If you aren't presently using something that you have, it seems there are only two basic possibilities:
1 -- It isn't necessary.
2 -- It IS necessary but you are slacking and not using it (like say, you had a toothbrush but never brushed your teeth)
I know this is very simple. It doesn't mention various combinations like:
- You will definitely use it soon (eg it's a holiday thing, or it is clothes in size 3T and you have a toddler in size 18 months).
- You wish you were using it or hope you will (eg you have a rosary and you'd like to start praying the rosary but haven't yet, or you have clothes in a smaller size than you currently wear, or you have maternity clothes even though you're not pregnant because you hope to have another child)
- You think it might be useful someday -- even though it isn't right at the moment, or is rarely useful, so rarely you might almost make do.
- Or you have more of the item than you actually need. One or two might be necessary -- but you have a dozen or twenty. (I am like that with pens and notebooks).
- You are storing it for someone else, or it is associated with someone else, so you feel you would be betraying that person by getting rid of it. (sometimes photos and old papers fit into that category).
The first combination is really a variant of it IS necessary. It's going to be necessary in a reasonable time frame.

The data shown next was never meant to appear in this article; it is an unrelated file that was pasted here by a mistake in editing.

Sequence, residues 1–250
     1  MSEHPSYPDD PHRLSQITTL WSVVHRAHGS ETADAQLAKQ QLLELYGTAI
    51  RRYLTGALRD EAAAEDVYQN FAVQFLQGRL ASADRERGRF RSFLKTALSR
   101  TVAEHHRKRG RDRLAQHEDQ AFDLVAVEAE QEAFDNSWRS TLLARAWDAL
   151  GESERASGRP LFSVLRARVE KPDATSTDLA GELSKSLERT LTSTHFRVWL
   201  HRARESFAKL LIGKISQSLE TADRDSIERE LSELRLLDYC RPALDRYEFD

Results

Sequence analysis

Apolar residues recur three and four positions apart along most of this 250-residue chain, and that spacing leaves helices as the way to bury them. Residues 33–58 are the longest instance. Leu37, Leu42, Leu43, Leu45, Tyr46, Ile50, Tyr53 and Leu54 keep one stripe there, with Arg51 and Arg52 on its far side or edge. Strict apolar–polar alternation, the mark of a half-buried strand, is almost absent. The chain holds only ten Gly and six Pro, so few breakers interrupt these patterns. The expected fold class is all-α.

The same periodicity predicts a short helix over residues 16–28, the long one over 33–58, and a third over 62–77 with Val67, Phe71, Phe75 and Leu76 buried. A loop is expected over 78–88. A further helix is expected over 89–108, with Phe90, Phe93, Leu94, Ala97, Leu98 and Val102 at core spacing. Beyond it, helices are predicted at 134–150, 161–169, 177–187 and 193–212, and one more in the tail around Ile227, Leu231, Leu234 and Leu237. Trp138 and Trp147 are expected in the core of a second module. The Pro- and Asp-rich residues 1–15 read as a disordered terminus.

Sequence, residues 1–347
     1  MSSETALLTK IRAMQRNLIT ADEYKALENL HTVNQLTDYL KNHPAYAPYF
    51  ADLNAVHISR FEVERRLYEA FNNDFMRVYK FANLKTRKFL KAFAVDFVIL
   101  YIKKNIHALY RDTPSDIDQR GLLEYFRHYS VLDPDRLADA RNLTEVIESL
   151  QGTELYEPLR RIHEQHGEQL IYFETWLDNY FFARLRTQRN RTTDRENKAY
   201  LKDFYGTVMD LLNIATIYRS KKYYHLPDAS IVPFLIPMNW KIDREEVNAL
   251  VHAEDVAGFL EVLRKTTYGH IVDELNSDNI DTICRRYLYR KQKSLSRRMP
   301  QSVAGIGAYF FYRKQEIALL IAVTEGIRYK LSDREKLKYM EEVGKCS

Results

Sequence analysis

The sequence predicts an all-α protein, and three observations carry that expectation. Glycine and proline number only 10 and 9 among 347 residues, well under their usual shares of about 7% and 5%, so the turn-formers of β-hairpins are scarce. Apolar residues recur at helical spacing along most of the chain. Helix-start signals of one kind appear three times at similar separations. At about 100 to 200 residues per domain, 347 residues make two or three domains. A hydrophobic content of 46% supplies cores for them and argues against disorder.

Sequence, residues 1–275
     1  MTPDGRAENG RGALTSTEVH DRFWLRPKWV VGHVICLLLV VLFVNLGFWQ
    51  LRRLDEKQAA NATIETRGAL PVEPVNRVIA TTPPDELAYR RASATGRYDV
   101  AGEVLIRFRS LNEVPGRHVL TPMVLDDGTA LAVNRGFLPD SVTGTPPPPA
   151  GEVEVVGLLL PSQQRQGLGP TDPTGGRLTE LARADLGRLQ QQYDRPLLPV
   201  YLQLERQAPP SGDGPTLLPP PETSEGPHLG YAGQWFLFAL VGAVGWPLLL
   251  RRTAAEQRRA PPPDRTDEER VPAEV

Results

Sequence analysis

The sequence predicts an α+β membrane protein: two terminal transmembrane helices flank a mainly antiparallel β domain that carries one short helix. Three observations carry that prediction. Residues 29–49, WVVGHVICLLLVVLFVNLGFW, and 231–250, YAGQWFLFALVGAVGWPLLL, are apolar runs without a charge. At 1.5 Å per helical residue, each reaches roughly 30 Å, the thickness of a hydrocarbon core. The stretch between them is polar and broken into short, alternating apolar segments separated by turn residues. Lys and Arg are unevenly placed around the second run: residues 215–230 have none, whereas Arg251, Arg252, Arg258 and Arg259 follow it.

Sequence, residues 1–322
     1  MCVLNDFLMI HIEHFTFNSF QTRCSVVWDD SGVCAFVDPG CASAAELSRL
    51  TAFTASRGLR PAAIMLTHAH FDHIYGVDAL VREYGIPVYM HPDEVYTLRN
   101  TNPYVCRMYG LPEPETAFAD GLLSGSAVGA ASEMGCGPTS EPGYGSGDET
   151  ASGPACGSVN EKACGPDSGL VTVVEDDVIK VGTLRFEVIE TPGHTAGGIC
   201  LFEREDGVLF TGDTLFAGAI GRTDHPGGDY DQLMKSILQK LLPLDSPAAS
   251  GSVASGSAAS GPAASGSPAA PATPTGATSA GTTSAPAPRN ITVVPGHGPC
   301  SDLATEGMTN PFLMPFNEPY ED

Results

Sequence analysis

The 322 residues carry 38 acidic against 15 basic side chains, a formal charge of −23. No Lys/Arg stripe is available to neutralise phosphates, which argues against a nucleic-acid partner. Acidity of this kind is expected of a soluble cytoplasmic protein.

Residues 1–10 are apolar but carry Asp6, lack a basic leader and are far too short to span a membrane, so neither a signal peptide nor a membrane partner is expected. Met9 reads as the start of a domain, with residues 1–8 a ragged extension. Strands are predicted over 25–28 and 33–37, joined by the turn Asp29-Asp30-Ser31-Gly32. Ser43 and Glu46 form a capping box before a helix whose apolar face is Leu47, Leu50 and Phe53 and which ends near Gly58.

It seems that the next four combinations are the difficult ones. There are some things where wishes/hopes/daydreams/nostalgia invest the thing with symbolism. It sort of stands in for something inside yourself... usually a hopeful possibility (future) or wistful memory (past). But by definition, nothing to do with the present moment, or it would be necessary.
But sometimes the things really are good to have. And sometimes there is a mixture. The thing is good, but there are too many things around, and it's overwhelming. I am realizing I get overwhelmed easily. And my kids don't use what I don't access for them, so my overwhelm-level is important. (I'm not talking about my older kids -- they can sort through their own junk, and they usually do a pretty good job with it too).
This is probably why the minimalists say that if you declutter radically enough you'll be running into buried emotions. I've noticed myself that getting rid of things sometimes feels like pulling a bandage off when the wound or burn is still sensitive.
For that matter, fasting and being hungry rouses a lot of the same emotions. The physical pain of hunger is mild. Hunger is simply not severe discomfort, not at the level that middle-class Americans experience when they are trying to lose some weight. It's the anxiety and vulnerability that's hard to bear. But that's another subject. I just thought the connection was interesting. A similar anxiety and vulnerability comes into the foreground when you contemplate tossing something that you've invested some of yourself into for whatever reason. Letting go feels like cutting a bit of yourself away. It's more than just doing without it.